State and local governments suing Big Oil over climate change got a boost last week when Democratic presidential hopeful Joe Biden committed to supporting their cause—a move that could encourage more lawsuits against the industry if Biden wins.
Biden’s sweeping clean energy plan, unveiled July 14, includes a pledge to instruct the attorney general to “strategically support ongoing plaintiff-driven climate litigation against polluters,” a reference to more than a dozen lawsuits seeking money from fossil fuel companies for local harms related to global temperature rise.
The plan doesn’t go into detail on the commitment, but any federal support for the climate plaintiffs would mark a 180-degree turn from the Trump administration’s backing of Exxon Mobil Corp., BP Plc, and other companies in the litigation.
“This is perhaps an opportunity for the federal government to side with the people that the federal government serves instead of industry,” said Ama R. Francis, a fellow at the Sabin Center for Climate Change Law at Columbia University.
Federal reinforcement of the plaintiffs’ claims could pay dividends in the courtroom, where judges tend to pay special attention to the Justice Department’s views. And with the White House’s blessing, more cities and states could take up the cause in their own litigation against fossil fuel producers.
“It will add fuel if you know that the federal Department of Justice is also there supporting you,” said George Mason University law professor Donald J. Kochan, an environmental law and torts expert.
San Francisco, New York City, Baltimore, Rhode Island, and other jurisdictions are pushing a variety of legal arguments, including claims that oil companies have violated state-level public nuisance and product liability law by misleading the public about the leading role of fossil fuel combustion in climate change.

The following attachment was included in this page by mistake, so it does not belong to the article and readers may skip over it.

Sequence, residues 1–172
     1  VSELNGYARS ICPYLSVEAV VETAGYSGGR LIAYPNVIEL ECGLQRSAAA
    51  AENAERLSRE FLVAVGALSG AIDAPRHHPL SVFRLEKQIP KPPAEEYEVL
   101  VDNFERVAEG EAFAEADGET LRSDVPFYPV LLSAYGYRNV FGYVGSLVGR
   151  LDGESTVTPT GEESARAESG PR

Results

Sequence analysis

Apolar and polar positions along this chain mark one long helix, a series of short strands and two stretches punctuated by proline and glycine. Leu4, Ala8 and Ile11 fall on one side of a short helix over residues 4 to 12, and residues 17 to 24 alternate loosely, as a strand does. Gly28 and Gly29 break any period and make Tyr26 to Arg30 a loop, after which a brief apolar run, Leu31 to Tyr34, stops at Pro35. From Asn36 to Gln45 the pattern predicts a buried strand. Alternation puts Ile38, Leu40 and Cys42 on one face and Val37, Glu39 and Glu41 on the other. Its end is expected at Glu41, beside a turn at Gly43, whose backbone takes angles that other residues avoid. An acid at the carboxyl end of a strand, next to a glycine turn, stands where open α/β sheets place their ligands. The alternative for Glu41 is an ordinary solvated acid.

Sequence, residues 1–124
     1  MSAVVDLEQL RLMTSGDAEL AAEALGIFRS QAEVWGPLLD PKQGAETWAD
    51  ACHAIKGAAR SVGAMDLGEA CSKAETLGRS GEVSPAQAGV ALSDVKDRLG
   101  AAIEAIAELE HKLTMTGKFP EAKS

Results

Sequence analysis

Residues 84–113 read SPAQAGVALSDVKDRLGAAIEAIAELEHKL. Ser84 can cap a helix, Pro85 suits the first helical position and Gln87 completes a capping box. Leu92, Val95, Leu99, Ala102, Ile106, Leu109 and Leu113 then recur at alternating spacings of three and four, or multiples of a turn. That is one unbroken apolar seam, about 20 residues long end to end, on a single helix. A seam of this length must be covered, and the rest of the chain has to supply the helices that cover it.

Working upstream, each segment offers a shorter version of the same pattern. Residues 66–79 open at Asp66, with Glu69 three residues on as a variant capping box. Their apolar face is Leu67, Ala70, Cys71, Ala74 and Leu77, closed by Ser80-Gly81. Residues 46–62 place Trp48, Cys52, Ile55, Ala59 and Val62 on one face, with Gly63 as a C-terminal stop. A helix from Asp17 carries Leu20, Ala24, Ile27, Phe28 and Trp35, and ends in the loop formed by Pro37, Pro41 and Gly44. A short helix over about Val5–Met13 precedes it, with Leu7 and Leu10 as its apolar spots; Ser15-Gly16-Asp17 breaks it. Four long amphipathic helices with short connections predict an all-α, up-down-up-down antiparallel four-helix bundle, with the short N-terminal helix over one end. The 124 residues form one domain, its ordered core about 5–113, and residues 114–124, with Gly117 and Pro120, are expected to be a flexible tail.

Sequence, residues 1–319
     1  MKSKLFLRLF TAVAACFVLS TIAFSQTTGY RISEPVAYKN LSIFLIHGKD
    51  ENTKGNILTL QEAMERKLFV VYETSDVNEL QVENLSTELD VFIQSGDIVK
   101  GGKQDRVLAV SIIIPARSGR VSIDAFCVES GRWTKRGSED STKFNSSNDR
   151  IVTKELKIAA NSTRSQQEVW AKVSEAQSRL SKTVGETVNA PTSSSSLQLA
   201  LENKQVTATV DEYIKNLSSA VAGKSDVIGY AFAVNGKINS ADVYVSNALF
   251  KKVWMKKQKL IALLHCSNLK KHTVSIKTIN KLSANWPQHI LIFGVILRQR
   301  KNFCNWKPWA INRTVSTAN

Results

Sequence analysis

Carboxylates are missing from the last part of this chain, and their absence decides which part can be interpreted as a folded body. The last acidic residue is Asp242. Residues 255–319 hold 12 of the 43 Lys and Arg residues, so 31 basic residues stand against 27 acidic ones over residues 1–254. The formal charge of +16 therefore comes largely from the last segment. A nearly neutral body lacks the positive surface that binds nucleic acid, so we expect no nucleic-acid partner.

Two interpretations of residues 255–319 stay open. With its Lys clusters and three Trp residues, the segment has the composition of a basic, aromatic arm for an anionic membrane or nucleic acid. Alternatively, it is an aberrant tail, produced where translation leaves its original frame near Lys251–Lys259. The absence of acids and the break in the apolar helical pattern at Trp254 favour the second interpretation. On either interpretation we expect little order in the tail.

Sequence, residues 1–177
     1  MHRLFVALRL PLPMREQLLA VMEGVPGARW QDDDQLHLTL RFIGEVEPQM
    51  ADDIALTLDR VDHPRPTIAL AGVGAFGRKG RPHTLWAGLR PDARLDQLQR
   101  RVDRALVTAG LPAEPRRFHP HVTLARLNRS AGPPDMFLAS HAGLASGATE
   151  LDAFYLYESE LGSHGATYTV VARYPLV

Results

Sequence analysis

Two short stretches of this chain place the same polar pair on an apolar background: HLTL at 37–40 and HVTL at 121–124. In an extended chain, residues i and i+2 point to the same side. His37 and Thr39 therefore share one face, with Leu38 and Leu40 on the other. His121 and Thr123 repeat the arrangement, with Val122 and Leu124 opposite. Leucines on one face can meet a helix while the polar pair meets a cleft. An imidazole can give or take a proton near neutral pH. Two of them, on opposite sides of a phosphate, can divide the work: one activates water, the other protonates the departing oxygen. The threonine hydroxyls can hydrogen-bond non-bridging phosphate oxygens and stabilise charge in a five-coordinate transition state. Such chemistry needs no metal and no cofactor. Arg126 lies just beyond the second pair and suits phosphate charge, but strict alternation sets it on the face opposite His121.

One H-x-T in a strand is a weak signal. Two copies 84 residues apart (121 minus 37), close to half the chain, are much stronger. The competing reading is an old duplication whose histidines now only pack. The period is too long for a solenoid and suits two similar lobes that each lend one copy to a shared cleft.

What Kind of Support?
Biden has waded into climate litigation issues on the campaign trail, calling for more aggressive prosecution of corporate bad actors and drawing parallels to litigation against tobacco companies and opioid manufacturers.
“I’ve argued and pushed for us suing those executives who are engaged in pollution, those companies engaged in pollution,” the former vice president said at the Climate Crisis Town Hall last year in New York City. “I’ve never walked away from that.”
Biden’s campaign doesn’t have specifics about how he would “strategically support” plaintiff-driven climate litigation beyond what the candidate has said on the debate stage, a spokesman said.
Lawyers and legal scholars speculated that friend-of-the-court, or amicus, briefs are the most likely form of support the Justice Department would offer, though other possibilities include federal grants, investigations, and veto threats for legislation that includes climate liability protection for the industry.
“There’s so many things they can do,” Center for Climate Integrity executive director Richard Wiles said. “DOJ could launch their own investigation. They could ask for documents. They could do strategic amicus filings. There’s a lot of opportunities to intervene on behalf of plaintiffs. All of that would be ‘strategic support.’”